Families of Those Lost to Covid Wrestle With Mixed Emotions as Emergency Ends
Shannon Cummings, 53, has tried to push forward after her husband, Larry, a college professor, died of Covid-19 in March 2020.
She flew from her home in Michigan to Southern California to attend a Harry Styles concert with family members and friends. Twice a week, she meets with her group therapy classes. She started going out to lunch in public again, a step that took her years.
“We lost over a million people in the pandemic,” she said. “It doesn’t honor any of them to not live my life.”
Yet she is still grappling with the milestone the nation will mark on Thursday: something of an official end of the pandemic, as the Biden administration will allow the three-year-old coronavirus public health emergency — and a separate declaration of a national emergency — to expire.
“I feel like some people never really embraced that there was an emergency going on,” Ms. Cummings said. “It’s really hurtful to those of us who have actually experienced a loss from this.”
The end of the coronavirus public health emergency in the United States comes at a point when vaccines are effective and widely available, testing is easily accessible and treatments have vastly improved since the beginning of the pandemic.
More than 1.1 million Americans have died of Covid, and the rate of death has markedly slowed in recent months. In 2020 and 2021, it was the third most common cause of death; by this point in 2023, preliminary data show, it has dropped to seventh.
But the move by the Biden administration that takes effect on Thursday has landed with mixed emotions for many Americans who have lost family members and friends to the pandemic.
For some people, it has brought worries that the pandemic is being politicized once again.
“What’s triggering is when people say, ‘Now we know we didn’t have to shut things down or wear masks,’” said Kori Lusignan, a resident of Florida whose father, Roger Andreoli, died of Covid in 2020. “I got an intimate, up-close look at the suffering. And it led me to believe that we didn’t make hasty or inconsequential decisions. Those were choices we had to make, and there were good reasons for them.”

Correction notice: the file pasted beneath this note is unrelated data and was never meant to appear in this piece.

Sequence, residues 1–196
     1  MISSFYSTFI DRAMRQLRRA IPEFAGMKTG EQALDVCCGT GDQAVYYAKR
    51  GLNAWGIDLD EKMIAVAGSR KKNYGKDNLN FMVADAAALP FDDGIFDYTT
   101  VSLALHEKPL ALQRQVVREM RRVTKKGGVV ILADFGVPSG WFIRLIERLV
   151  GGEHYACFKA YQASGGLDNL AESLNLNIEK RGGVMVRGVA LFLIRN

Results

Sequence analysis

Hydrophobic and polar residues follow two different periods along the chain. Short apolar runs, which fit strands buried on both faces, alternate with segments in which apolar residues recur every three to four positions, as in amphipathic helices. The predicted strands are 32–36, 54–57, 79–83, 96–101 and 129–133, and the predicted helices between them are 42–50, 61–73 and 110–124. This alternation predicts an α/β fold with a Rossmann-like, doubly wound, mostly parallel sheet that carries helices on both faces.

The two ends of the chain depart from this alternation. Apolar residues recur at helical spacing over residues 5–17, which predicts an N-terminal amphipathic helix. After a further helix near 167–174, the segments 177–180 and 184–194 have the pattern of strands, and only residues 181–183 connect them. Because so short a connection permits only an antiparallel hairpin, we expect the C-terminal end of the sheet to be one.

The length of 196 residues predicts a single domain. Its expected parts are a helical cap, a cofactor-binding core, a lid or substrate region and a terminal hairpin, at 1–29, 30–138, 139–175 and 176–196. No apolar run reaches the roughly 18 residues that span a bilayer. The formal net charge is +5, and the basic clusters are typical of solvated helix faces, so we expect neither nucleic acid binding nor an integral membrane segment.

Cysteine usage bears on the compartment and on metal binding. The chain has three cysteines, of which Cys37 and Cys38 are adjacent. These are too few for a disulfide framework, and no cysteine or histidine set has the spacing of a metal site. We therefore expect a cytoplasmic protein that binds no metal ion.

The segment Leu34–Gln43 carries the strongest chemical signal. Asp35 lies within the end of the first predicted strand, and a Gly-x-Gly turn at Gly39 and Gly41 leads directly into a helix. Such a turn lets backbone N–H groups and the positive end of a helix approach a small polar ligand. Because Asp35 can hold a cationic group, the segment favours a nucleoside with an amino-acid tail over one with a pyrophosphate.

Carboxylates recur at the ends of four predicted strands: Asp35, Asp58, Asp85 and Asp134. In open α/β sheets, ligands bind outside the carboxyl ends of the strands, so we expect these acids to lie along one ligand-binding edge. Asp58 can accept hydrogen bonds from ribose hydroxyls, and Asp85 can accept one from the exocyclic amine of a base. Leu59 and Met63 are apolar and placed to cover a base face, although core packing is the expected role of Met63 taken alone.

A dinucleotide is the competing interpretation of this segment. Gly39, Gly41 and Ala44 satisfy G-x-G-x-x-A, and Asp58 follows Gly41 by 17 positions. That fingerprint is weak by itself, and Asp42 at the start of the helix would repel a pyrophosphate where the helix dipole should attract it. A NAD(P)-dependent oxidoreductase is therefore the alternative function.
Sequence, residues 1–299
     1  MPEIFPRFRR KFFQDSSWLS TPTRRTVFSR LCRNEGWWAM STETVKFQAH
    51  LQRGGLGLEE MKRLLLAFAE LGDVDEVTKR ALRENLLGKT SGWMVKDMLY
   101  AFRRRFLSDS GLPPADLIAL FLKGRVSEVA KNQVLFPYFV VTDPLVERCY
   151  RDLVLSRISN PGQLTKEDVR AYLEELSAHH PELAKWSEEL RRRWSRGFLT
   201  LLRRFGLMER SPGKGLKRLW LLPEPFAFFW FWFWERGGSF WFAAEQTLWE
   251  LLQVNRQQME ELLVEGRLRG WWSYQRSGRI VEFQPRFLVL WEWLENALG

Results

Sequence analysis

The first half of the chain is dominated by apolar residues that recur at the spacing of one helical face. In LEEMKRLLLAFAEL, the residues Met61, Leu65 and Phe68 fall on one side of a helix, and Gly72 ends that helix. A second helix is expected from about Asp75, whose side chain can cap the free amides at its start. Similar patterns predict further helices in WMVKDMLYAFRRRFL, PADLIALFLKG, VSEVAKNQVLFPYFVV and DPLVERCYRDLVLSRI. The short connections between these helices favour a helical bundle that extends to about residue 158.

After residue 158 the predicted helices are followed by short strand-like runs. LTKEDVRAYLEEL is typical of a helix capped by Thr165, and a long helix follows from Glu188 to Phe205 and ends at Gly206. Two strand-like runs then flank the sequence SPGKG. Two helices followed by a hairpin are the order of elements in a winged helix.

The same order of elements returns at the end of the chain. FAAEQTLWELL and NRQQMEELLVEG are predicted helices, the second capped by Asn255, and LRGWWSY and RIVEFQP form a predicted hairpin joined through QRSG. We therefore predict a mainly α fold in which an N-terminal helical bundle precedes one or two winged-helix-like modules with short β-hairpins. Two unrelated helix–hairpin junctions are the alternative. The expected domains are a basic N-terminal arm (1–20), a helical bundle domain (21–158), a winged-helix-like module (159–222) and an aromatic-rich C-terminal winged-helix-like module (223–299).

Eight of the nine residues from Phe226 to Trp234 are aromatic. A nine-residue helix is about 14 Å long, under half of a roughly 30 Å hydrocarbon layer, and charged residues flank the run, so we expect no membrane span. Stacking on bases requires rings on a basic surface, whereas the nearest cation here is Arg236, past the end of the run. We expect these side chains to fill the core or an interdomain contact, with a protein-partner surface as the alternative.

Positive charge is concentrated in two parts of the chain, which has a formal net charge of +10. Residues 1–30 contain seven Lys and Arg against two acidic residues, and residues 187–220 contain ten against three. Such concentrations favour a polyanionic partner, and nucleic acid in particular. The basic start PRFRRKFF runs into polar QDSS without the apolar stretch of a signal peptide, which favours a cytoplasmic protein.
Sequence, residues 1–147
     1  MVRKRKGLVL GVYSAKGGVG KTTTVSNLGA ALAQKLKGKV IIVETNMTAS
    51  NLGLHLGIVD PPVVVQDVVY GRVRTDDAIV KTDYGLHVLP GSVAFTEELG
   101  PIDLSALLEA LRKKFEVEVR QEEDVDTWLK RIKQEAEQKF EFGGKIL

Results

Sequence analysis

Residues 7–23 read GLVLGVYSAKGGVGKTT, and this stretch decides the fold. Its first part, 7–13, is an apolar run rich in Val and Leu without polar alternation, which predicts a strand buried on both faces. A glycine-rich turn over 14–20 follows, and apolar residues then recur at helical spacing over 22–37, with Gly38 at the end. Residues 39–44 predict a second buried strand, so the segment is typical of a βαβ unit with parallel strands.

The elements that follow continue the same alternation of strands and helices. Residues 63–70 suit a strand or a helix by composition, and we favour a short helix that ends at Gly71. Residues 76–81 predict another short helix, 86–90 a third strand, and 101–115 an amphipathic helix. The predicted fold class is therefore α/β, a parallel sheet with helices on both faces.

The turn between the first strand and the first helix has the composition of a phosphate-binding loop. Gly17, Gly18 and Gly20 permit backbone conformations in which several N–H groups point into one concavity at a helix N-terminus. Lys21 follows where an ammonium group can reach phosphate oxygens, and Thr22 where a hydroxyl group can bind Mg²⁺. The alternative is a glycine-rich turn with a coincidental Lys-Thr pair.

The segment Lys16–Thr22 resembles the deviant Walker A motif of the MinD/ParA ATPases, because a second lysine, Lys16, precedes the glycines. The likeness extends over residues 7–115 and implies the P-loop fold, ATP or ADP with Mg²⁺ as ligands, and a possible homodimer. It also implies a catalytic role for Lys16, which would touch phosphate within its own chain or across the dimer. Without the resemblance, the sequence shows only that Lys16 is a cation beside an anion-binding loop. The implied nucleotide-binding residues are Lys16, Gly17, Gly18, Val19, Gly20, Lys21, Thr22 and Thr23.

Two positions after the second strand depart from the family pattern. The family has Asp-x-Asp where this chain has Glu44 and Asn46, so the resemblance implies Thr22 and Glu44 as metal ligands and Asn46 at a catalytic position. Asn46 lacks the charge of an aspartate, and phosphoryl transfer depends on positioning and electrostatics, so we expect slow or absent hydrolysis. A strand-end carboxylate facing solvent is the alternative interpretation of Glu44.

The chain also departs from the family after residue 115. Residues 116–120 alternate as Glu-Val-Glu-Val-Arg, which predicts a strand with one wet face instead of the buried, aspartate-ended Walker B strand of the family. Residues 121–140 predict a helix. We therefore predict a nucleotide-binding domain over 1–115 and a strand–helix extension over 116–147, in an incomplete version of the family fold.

For others, it is a welcome acknowledgment from Mr. Biden that the country is in a different place from where it was before.
“I don’t think it’s premature, and I don’t have any hard feelings that he’s going to do this,” said Vincent Tunstall, who lives in Chicago and lost his brother, Marvin, to the virus in November 2020.
Mr. Tunstall said that he was still being more cautious about Covid than many people, wearing a mask when he is in an indoor public space and on his daily commute on the train. Any mention of Covid reminds him of his brother, a lingering pain known only to those who have lost people in the pandemic.
“Unfortunately, when I think about Covid and the pandemic, thoughts of him are intertwined with both of those,” he said.
Pamela Addison, a Covid widow, mother of two and advocate for survivors, said the administration’s decision to allow the emergency to expire was a reminder that the federal government could do more for children who have lost parents and caregivers.
“The kids are overlooked constantly,” she said. “We don’t want to talk about them. It’s like we don’t want to talk about the fact that they exist.”
The end of the emergency declaration could result in new costs for coronavirus testing, because after Thursday, private insurers will no longer be required to cover up to eight at-home tests per month.
Laura Jackson, who lost her husband, Charlie, to the coronavirus, questioned the necessity of the move. Leaving Americans with out-of-pocket costs related to the virus is the equivalent of “dumping this back” on the public, she said, while the country remains unprepared for a future pandemic.
“There’s so much more work that needs to be done,” she said, noting that there were still questions about the origin of the virus in China. “We shouldn’t be turning off resources.”
For Ms. Jackson, who lives in Charlotte, N.C., the end on Thursday of the pandemic’s classification as a public health emergency has nearly coincided with the anniversary of her husband’s death on May 17, 2020. Both days, she said, have filled her with dread.
She still encounters people on a regular basis who deny that Covid is real, or who imply that her husband died because of his pre-existing conditions, a comment that stings.
“I never felt like we acknowledged those who we lost,” Ms. Jackson said. “I feel like we’ve always been in a hurry to move on from it. But it’s still so real.”